BYU offensive coordinator Robert Anae has a nephew that starts on Kahuku High School’s (Laie, HI) defensive line. Brad Anae plays defensive end and played a major part in the Red Raider’s success up front in the trenches.
“I’m 6-4, 230-pounds and I mainly play defensive end, but I can also play outside linebacker as well,” said Anae. “As a defensive lineman I have quick hands. I’ve been told by a lot of coaches that I’m a natural at getting leverage on offensive linemen.”
Currently, Anae has two offers on the table. One has to wonder if more offers would have come in for Brad Anae if he hadn’t been offered by BYU, where his uncle Robert Anae is now preparing to coach his last game in Las Vegas at the Royal Purple Las Vegas Bowl.
“I have offers from Oregon State and BYU,” said Anae. “Those are the only two that have offered me so far.”
Now that uncle Robert Anae has decided to follow Bronco Mendenhall to Virginia, the decision has affected Brad Anae a little. However, in the end he’ll do what he feels is best for him despite the current situation at BYU.
“Yes, [it affects me] a little bit,” Anae said. “If I do decide to go over there it’s a little bit risky because the staff is drastically changing, and that could affect my decision.”
With Oregon State defensive coordinator Kalani Sitake being a candidate for the head coaching job at BYU, the hire wouldn’t affect Anae’s final decision. He wants to base his decision on solid principles rather than reacting out of emotion.
“It won’t really affect my decision because I want to keep my doors open to any school, but as far as having an Oregon State coach like Kalani come over to BYU I would just have to wait and see what happens,” said Anae. “I don’t want to commit too early and want to take some official visits first. That way I can have a better idea of what’s going on and make an overall decision based on what’s best for me.”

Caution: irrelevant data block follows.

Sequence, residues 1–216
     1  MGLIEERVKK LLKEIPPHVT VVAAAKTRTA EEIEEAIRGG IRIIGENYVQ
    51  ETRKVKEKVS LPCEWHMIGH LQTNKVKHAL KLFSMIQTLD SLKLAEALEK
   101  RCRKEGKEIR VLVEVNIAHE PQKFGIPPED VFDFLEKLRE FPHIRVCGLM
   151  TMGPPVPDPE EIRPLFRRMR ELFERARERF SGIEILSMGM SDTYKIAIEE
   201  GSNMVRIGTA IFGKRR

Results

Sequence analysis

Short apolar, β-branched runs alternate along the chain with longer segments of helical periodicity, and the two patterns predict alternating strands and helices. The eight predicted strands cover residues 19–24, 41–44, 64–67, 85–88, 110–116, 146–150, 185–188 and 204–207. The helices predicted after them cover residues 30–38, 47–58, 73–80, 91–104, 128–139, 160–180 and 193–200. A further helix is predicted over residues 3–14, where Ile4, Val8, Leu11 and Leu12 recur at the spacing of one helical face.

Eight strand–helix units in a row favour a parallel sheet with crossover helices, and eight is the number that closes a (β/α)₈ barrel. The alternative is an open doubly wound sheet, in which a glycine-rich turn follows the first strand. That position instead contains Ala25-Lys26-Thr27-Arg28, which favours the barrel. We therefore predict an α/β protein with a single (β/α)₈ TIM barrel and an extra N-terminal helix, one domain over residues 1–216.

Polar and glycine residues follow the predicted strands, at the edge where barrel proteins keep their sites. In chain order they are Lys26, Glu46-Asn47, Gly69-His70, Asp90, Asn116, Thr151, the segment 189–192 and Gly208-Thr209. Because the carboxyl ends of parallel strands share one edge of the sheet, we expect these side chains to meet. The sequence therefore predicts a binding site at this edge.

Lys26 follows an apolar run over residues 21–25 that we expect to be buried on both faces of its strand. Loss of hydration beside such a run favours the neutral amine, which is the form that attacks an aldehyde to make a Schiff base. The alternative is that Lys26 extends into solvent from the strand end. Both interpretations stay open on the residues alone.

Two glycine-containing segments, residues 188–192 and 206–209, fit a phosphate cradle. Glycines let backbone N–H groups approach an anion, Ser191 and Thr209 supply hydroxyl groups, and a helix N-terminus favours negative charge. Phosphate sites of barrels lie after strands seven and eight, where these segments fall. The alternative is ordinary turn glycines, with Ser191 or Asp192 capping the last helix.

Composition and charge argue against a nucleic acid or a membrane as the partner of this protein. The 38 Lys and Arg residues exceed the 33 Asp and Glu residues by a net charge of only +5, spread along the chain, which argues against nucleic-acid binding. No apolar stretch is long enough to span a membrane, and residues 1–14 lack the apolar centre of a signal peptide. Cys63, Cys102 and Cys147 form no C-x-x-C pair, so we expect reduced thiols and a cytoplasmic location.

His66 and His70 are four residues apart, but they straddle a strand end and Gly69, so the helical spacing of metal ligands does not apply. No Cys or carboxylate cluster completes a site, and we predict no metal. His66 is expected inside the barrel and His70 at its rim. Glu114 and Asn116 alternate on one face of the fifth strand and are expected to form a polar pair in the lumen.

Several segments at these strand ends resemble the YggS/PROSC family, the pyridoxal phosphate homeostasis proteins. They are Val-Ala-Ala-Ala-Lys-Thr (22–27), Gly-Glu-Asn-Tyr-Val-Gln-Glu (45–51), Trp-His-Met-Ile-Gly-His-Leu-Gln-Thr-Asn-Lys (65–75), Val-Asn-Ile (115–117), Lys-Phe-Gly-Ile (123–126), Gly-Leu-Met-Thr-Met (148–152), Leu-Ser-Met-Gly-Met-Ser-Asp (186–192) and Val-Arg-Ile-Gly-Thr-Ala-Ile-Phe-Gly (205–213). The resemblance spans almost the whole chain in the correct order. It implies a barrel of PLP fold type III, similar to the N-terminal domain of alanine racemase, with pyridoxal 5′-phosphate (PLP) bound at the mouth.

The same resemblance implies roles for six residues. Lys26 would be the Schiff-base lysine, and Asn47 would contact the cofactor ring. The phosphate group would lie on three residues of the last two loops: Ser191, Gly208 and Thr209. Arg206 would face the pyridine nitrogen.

When it comes to BYU, the greatest issue for Brad Anae leans more towards the fact the current staff wants him to grey shirt his first semester until the scholarship kicks in. Anae has reservations about putting that type of financial strain on the backs of his parents, so this one factor more than anything else might be more the deciding factor.
“Yeah, I know that BYU always holds scholarships for their players when they come home from missions,” said Anae. “The thing for me is, I can’t go on my mission because I’ll be 17 and that I’ll have to grey shirt the first semester. I don’t know if that’s a favorable situation for me because my parents would have to pay for the entire college. I don’t know if that’s a favorable situation for me because I don’t really want my parents to pay for my college. I’ll wait and see what happens. I’m going to make a final decision after January when all the recruiting stuff settles down. BYU is in my top three.”
Graduating high school at a young age has placed him in a precarious position when it comes to serving a mission. He’ll be in college for a few years and will wait to decide when the time comes.
“I’m leaning towards just playing college football,” said Anae. “I have to really buckle down and make that decision, but I still have a lot of time to figure that out. I’m a young senior and I’m graduating early at 17. I started kindergarten early, so when I graduate I’ll be 17. I’ll be in college for a few years before I can go on a mission, so that’s why.”
Still BYU is in the mix regardless. He’ll take his visit to BYU and then decide what’s best for him. When he takes his visits he’ll be looking for three things he feels are most important to him.
“Well, first of all the academic programs and how good the school is as far as an under graduate degree is,” Anae said. “Then I would say the football program. I want to be a part of a great football program and something special. The third one would be the campus and the area and how I fit in. I want to be comfortable with the environment and go to a place where I feel comfortable.”